First-ever global shark census aided by $4 million, baited cameras

As people continue to celebrate Shark Week, a group has launched a historic international survey to breathe new life into the field of shark conservation.

An undated photo of scalloped hammerhead shark.

As people in the United States continued to ring in Shark Week, a team of shark enthusiasts held celebrations of their own.

Global FinPrint, a group of conservation researchers from a number of international universities and institutions, announced Tuesday that it would soon launch the largest and most comprehensive survey of sharks across the world’s oceans to date, armed with baited remote underwater video (BRUV) cameras and $4 million from Microsoft cofounder Paul G. Allen.

The project will kick off as early as this month, with researchers diving underwater in coral reef systems to compile the survey of sharks and rays, said the group’s statement.

Altogether, the study will take three years to complete. It is being supported by Mr. Allen’s Vulcan Inc., which provides financial backing to a number of other scientific programs involving ocean health, space flight, and neuroscience.

Dune Ives, senior director of philanthropy at Vulcan Inc., said the survey would serve as a solution for conservationists who have long pored over the same outdated data in their field.

“A recent International Union for the Conservation of Nature report indicated that we don't have the data we need to accurately assess the current population status for almost half of shark and ray species," said Ms. Ives in the statement. “Results from Global FinPrint will provide critical trend analyses and establish baselines in places that have never before been systematically assessed.”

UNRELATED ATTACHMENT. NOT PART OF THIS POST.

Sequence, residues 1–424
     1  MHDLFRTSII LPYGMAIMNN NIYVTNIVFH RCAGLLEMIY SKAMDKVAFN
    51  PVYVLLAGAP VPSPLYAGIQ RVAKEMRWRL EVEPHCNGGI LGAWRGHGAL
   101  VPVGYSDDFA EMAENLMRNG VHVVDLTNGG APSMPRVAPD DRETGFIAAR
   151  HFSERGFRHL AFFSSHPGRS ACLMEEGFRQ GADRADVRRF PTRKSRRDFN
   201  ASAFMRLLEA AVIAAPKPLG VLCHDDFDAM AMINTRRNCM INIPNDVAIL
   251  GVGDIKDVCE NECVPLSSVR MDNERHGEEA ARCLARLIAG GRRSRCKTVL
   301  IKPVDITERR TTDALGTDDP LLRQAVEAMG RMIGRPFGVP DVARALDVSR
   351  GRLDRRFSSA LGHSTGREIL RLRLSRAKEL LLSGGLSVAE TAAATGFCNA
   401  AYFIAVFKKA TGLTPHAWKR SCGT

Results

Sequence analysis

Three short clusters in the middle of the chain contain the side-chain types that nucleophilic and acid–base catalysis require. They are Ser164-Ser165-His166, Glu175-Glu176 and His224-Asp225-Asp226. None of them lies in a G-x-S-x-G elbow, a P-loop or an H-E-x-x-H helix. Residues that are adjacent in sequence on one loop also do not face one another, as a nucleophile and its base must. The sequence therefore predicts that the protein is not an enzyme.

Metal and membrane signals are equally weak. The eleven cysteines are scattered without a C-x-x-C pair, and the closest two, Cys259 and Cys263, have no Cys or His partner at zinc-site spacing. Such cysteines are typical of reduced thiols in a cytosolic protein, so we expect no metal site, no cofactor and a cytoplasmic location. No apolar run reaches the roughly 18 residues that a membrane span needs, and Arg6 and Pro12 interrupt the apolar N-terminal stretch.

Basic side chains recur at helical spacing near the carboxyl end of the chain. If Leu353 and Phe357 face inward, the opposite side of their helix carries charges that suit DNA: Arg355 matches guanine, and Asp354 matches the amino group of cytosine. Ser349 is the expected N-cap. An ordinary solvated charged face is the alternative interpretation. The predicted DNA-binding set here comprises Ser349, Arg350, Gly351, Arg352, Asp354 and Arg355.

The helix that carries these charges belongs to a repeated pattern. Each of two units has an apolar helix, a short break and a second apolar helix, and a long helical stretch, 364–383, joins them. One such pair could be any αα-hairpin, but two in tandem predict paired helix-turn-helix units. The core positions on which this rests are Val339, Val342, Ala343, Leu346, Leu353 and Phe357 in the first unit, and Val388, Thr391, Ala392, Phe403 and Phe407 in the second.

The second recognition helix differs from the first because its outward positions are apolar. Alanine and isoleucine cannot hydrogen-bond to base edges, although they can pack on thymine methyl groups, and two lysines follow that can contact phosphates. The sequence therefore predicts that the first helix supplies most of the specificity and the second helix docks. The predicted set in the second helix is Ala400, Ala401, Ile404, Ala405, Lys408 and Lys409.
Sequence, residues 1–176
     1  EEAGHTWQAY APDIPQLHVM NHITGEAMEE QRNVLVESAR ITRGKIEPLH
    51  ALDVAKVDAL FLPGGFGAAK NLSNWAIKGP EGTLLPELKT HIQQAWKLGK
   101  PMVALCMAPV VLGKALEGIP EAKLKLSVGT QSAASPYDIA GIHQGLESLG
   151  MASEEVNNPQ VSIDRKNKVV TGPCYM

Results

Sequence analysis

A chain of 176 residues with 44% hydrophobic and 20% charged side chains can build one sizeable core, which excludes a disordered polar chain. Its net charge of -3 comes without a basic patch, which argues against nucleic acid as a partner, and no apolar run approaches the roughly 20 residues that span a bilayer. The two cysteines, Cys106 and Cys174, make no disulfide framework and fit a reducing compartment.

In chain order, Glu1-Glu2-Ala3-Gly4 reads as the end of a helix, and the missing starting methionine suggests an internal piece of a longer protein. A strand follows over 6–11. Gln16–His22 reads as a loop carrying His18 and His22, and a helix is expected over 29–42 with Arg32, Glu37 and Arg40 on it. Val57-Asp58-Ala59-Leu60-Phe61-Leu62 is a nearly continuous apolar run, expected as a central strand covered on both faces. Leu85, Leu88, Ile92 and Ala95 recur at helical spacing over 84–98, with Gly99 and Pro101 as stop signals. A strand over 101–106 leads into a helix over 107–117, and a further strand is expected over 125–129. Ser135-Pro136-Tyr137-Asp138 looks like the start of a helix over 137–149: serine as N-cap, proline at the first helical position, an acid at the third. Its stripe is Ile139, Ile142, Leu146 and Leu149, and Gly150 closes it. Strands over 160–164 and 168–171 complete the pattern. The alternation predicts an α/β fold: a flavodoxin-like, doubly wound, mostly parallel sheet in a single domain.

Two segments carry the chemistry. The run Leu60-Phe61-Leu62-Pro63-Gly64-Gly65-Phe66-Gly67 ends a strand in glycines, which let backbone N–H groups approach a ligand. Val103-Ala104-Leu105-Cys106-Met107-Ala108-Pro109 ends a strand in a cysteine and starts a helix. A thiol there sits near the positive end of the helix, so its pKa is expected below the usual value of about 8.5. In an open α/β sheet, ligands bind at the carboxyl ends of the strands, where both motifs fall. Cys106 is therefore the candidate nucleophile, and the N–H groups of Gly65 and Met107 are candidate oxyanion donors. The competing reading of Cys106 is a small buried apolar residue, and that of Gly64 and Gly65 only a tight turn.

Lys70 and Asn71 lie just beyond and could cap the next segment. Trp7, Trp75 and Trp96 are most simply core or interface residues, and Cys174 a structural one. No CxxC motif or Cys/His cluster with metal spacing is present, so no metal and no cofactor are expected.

Marine biologist Mike Heithaus, a leading shark researcher from Florida International University who will participate in the study, told Agence France-Presse it would be particularly helpful in regions where little is known about shark populations, namely the Indo-Pacific, tropical western Atlantic, southern and eastern Africa, and the Indian Ocean islands.

“This project won’t give us necessarily an absolute number,” Dr. Heithaus told AFP. “But it will give us a relative idea of how many sharks are in different areas, which places have healthy populations, which are areas that are of big concern.”

In addition to producing bait camera videos, the group says the survey’s findings will be posted on a publicly accessible platform that will include data on species density, habitats, and diversity trends. Results will be available in the summer of 2018.

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